NPY Women's Council Aboriginal Corporation


NPY Women's Council Aboriginal Corporation


Uti Kulintjaku meditations for clear thinking


Alice Springs



Funding Dates

November 2017 - November 2018

The issue

Mental health is a contributor to the gap between Aboriginal and non-Aboriginal health in Australia, with the incidence of mental illness and suicide being disproportionately higher amongst Aboriginal people. That said, Aboriginal adults are twice as likely to experience high levels of psychological distress as that of non-Aboriginal adults.

NPY Women's Council is a service delivery, advocacy and support organisation created by Anangu women from 28 remote communities in NT, SA and WA. NPY Women's Council has delivered services and programs since 1980, working with Anangu people to improve their health, wellbeing and safety.

NPY Women's Council established the Uti Kulintjaku project in 2012 to address help-seeking around mental health and wellbeing for Indigenous people in the region.

The project

With our funding support, a partnership between NPY Women's Council and Smiling Mind will be formed to deliver a tech-based program delivering accessible and engaging mental health and wellbeing tools to Indigenous communities in the NPY Women's Council region.

NPY Women's Council's Uti Kulintjaku project will engage its members of senior Indigenous men and women, otherwise known as cultural advisors, to work with Smiling Mind and develop a mindfulness-based meditation program. The cultural advisors will be involved in the process of scripting and recording the meditations in the local Indigenous languages of Pitjantjatjara and Ngaanyatjarra.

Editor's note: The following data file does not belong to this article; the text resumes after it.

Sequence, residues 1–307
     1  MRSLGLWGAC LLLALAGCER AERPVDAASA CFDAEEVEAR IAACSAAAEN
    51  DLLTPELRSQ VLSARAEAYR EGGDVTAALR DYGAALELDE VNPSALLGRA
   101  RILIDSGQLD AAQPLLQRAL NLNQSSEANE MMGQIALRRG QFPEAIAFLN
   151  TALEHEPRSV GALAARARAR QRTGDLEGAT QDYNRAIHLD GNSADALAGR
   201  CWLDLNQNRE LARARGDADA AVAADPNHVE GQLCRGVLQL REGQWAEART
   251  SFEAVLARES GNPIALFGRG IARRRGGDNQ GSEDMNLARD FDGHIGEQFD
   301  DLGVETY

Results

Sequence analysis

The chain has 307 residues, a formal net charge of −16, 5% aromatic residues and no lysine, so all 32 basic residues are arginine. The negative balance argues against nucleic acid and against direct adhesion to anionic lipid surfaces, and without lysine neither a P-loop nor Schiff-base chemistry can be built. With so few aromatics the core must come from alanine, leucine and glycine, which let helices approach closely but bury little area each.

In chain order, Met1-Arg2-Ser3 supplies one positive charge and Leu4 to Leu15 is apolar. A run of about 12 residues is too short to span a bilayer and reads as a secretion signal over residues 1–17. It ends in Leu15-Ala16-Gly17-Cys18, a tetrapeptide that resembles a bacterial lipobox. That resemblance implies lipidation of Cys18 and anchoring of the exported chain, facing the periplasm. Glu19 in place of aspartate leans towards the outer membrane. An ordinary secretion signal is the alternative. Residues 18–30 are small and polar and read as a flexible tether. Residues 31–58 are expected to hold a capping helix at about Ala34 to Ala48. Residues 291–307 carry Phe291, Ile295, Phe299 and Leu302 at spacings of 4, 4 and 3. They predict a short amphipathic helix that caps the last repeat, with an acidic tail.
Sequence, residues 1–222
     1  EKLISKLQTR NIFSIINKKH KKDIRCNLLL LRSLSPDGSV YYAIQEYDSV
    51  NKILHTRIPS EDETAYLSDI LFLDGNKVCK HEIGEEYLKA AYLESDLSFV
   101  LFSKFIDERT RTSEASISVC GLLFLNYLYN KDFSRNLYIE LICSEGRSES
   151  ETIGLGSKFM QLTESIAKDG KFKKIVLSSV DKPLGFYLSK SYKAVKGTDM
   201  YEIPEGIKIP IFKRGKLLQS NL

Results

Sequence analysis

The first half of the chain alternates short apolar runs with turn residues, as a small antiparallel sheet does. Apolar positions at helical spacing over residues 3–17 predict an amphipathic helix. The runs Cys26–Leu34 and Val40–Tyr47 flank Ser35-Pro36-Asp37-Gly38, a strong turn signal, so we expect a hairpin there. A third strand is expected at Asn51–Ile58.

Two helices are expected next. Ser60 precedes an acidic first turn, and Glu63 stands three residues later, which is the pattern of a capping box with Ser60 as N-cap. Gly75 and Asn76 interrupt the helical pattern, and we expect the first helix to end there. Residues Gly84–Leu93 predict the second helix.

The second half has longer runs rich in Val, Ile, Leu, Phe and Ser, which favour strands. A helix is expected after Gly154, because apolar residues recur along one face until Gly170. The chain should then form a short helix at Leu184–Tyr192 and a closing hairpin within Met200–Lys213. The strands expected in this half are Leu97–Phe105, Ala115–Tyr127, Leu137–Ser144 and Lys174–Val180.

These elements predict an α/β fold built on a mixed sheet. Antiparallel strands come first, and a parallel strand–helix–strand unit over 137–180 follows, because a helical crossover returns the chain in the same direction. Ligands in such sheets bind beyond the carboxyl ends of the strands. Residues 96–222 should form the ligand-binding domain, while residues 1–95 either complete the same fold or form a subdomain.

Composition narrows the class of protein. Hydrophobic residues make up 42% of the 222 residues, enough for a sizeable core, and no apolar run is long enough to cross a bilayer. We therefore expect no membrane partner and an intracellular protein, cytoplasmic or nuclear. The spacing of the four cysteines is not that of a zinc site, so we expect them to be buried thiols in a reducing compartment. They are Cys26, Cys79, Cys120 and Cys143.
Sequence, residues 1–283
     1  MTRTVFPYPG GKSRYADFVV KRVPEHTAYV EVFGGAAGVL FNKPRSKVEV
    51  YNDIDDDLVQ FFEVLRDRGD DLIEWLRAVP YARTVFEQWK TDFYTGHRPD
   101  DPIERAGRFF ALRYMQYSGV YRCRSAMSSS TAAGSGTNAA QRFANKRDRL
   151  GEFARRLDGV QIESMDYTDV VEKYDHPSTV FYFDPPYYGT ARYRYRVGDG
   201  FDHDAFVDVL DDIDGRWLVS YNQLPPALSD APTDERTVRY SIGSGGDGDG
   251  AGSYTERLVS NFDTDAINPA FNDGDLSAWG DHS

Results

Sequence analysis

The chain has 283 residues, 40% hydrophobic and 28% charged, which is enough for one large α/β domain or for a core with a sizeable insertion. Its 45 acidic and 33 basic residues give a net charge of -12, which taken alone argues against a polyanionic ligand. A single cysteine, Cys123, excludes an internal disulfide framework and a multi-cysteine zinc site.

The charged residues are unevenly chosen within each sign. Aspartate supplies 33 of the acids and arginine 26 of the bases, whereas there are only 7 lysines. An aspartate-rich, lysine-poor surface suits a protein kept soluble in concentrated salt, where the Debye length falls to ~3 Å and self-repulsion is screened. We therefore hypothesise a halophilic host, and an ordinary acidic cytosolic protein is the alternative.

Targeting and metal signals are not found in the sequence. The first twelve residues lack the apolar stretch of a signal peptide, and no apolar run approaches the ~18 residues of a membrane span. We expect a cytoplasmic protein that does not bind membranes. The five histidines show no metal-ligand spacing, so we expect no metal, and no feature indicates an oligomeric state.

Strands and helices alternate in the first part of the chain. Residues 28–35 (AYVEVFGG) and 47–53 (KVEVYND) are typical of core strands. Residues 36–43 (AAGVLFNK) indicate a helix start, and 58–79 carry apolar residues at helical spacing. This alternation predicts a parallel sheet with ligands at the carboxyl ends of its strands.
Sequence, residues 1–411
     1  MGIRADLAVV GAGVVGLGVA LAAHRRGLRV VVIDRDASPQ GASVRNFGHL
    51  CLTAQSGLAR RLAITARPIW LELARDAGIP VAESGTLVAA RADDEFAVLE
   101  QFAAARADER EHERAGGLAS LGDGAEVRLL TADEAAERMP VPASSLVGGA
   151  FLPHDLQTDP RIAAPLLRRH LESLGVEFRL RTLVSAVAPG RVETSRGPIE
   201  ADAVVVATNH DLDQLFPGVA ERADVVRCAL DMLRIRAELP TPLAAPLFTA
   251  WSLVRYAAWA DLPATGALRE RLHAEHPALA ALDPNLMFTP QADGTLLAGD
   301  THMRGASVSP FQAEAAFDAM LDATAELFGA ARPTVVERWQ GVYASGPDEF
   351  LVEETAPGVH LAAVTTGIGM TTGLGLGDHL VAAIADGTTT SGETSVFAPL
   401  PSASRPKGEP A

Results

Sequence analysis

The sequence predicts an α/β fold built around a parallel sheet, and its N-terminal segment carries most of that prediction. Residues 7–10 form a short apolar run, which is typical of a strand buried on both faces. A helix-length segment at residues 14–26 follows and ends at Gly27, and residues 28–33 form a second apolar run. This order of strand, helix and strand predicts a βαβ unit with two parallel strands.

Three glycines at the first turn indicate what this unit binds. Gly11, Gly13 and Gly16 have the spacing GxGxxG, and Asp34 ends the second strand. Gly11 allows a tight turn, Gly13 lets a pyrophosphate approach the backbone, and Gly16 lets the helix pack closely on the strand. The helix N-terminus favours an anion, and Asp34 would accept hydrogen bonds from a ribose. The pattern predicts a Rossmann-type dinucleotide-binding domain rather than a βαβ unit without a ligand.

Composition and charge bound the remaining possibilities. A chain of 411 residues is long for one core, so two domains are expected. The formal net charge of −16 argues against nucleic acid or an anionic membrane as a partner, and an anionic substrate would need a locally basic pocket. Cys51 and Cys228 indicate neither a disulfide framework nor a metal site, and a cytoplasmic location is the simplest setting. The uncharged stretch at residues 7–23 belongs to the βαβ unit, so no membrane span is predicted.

The program will be piloted at schools and youth services in the Anangu Pitjantjatjara Yankunytjatjara region with the meditations eventually becoming widely accessible to all community members in the NPY Women's Council region, through the Smiling Mind App and website.

The impact

Research has shown that mindfulness based programs can significantly improve mental health and reduce risk of self-harm in non-Aboriginal populations. Currently, no such programs have been developed to cater for the language and culture of Indigenous Australians.

This unique project will provide an opportunity for young Indigenous people of the NPY Women's Council region to access a mindfulness and meditation program appropriate to their language and culture.

The local schools will be introduced to new app based tools and strategies to help improve mental wellbeing amongst the students and increase student attendance.

The program aims to provide an efficient, cost-effective, and accessible tool to reduce the burden of mental health amongst aboriginal people.

To learn more about the program visit NPY Women's Council.